This Confusing Math Test Question Has Gone Viral -- Can You Solve It?

| by Lisa Fogarty

Impossible-to-answer math test questions have been stumping folks on the Internet for some time now, particularly since the argument over whether Common Core is beneficial to children blew up and continues to inspire heated debate.

But the latest crazy math test question comes from Singapore, where a problem that appeared on the Singapore and Asian Schools Math Olympiad exam has gone viral, mainly because it makes absolutely no sense to most people, reports The Blaze:

The "birthday" math problem was posted on Facebook by Kenneth Jianwenz on April 10 and has since confused hundreds of people, who have turned to Twitter to air their frustrations:

Or to try to make sense of the problem: 

And, it seems, Ms. Chanandler Bong was correct. Karin McGourty, a primary school teacher, explained to the Telegraph how the problem is solved. 

"You can rule out some of the options," McGourty said. "For Albert to have known the answer, he would have to have May and June as that is when 19 or 18 occur [respectively]."
Given this logic, the answer couldn't be any date in May or June. 
She continued: "So Albert must have a month where numbers are repeated, leaving us with July and August." 

Bernard knows Albert has been told one of those two months, and the possible dates are 15 through 17 and 14 is repeated. Since 14 is the only number that appears in both July and August, the correct answer is July 16.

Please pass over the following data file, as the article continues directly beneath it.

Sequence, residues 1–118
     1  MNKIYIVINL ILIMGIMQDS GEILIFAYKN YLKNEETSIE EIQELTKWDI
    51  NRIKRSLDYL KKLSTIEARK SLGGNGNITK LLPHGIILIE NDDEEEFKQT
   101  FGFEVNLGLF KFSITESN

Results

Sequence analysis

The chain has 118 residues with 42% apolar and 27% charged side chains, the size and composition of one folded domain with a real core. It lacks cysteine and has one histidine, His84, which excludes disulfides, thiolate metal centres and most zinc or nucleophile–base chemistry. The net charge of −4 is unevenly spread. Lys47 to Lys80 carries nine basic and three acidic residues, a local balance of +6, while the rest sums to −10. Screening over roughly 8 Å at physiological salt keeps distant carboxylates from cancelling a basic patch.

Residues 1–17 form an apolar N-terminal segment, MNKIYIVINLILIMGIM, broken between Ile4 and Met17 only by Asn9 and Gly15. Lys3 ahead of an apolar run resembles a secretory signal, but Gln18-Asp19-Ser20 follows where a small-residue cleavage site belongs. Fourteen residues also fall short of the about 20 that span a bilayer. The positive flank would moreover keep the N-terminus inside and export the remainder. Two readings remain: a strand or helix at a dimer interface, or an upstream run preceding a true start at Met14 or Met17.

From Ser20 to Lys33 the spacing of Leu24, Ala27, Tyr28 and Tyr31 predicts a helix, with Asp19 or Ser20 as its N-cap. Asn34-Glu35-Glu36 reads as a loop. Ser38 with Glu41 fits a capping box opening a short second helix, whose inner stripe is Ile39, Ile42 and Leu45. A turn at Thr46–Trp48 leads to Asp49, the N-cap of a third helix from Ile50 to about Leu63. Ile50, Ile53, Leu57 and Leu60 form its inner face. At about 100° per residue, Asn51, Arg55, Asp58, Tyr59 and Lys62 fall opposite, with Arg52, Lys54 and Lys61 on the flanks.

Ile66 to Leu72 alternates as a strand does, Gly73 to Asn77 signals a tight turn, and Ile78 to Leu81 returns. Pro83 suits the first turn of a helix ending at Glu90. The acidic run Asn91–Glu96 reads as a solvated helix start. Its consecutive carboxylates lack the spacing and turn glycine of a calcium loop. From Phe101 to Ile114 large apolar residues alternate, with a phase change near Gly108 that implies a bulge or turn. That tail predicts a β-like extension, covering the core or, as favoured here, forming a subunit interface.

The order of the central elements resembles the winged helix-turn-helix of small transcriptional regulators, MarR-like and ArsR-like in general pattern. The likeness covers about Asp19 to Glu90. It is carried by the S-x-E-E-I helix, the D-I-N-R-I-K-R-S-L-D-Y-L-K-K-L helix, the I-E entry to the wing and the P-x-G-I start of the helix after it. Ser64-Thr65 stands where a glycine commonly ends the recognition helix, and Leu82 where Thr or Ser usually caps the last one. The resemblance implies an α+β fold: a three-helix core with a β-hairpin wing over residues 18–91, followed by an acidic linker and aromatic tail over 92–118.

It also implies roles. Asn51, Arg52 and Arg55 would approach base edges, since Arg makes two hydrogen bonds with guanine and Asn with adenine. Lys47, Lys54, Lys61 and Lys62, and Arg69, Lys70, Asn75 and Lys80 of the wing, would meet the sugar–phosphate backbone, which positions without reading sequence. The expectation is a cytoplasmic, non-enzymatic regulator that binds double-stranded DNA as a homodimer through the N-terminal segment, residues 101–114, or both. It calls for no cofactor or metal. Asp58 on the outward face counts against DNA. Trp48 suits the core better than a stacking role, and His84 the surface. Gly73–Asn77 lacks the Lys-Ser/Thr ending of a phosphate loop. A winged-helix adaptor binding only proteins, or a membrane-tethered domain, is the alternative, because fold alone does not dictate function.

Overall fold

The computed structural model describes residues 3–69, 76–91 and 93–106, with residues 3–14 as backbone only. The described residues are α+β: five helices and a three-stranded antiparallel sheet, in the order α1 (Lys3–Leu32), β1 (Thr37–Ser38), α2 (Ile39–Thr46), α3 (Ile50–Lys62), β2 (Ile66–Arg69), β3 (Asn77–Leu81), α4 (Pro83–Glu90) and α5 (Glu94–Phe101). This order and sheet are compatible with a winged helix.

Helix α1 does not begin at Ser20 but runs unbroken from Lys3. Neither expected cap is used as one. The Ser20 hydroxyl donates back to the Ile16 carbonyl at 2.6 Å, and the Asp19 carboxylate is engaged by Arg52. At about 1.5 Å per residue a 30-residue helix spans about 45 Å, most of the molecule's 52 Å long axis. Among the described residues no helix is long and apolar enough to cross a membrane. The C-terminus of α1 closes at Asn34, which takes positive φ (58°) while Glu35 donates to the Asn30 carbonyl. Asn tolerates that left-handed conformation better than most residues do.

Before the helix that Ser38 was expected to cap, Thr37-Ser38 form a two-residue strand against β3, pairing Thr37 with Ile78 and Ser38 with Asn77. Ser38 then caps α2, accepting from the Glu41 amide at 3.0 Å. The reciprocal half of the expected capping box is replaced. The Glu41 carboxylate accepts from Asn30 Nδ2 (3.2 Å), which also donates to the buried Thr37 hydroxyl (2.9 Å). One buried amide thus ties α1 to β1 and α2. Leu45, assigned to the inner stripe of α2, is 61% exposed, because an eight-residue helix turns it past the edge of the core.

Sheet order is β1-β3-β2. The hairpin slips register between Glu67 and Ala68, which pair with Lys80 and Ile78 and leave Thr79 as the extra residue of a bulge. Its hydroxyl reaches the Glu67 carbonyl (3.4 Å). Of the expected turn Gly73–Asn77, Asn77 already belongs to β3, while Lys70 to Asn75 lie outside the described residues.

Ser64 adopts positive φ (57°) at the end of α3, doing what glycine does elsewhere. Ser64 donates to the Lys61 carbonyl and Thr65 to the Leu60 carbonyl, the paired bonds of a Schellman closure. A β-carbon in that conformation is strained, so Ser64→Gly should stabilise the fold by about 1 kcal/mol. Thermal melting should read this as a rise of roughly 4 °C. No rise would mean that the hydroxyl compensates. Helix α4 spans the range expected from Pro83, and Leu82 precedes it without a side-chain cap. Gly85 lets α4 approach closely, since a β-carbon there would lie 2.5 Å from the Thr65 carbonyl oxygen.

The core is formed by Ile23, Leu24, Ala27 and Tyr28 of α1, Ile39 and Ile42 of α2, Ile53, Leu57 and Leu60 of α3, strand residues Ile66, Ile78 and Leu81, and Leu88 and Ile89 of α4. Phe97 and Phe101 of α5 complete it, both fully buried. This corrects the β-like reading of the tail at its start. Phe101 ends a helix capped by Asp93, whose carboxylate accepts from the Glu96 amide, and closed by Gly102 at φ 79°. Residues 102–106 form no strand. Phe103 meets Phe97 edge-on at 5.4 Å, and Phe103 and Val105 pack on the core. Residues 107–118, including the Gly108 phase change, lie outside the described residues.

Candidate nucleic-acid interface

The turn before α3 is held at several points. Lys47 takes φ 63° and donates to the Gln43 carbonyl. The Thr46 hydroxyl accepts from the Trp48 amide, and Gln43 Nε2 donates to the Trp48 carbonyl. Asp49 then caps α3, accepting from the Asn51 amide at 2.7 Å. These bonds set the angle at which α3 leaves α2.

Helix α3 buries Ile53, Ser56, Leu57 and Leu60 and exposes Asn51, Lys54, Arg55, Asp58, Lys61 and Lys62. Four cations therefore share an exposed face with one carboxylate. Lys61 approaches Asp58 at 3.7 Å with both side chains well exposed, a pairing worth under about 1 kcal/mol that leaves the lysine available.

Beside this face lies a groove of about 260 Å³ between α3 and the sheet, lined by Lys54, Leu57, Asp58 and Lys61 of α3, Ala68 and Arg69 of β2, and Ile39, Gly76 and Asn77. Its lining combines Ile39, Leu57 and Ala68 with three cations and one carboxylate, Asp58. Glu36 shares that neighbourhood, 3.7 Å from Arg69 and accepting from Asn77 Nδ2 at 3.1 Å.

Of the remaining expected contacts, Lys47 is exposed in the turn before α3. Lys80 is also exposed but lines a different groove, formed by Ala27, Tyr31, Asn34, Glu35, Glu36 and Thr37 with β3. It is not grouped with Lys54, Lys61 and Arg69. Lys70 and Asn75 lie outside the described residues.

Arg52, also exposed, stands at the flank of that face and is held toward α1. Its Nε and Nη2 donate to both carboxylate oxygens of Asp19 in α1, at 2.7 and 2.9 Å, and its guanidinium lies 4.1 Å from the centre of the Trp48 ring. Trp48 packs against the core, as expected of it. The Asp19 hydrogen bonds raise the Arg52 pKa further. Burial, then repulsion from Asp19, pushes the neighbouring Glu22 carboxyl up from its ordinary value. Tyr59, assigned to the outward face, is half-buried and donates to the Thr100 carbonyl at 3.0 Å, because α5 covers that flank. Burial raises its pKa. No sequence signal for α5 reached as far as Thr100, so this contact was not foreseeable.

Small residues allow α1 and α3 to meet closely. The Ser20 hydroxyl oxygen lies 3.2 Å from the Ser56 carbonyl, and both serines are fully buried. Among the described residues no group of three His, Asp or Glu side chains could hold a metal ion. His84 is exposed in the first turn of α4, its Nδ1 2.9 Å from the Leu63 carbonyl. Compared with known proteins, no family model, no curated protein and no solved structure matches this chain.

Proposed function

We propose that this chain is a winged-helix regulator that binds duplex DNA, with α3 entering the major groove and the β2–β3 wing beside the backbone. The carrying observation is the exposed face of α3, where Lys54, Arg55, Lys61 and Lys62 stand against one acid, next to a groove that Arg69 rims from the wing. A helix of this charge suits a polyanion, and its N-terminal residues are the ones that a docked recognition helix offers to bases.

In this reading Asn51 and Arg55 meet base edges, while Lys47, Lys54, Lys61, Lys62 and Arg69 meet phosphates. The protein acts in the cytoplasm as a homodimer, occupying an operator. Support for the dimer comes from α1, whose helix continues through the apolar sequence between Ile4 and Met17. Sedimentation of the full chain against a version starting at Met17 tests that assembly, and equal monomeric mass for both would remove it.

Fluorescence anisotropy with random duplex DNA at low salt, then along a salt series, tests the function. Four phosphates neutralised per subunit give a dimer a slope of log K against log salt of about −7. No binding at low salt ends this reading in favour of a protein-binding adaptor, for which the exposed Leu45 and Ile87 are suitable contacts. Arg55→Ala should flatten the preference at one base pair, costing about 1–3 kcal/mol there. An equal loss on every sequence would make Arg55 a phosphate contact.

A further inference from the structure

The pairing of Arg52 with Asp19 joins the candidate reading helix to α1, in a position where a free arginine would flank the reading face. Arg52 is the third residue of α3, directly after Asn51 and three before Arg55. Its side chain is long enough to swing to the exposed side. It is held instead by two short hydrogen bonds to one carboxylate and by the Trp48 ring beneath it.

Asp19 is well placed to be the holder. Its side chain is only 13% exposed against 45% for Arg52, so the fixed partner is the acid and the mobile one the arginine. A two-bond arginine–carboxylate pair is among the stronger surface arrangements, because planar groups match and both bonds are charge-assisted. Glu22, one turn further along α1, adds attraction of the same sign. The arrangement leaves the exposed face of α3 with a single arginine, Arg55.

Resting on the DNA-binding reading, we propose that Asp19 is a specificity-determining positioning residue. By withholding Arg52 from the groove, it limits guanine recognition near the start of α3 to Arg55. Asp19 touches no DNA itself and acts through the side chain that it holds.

The SASMO team posted a message on Facebook after the question went viral in an attempt to clear up any misinformation or concern about it:

To whom it may concern,
We would appreciate if you could post this reply to clarify the “supposedly P5 viral question” that appeared on several websites. We think it is important to clarify so that Singapore parents will not start to worry so much.
The supposedly P5 question that went viral on the Internet on Apr 12, 2015 is actually a question from the Secondary 3 and from the Secondary 4 SASMO (Singapore and Asian Schools Math Olympiad) contests held on Apr 8, 2015. Being Question 24 out of 25 questions, this is a difficult question meant to sift out the better students. SASMO contests target the top 40% of the student population and the standards of most questions are just high enough to stretch the students.
The official suggested solution to this problem is on the picture below.
Yours Sincerely,

Sources: The Blaze, Telegraph, Facebook

Photo Credit: Facebook via The Blaze

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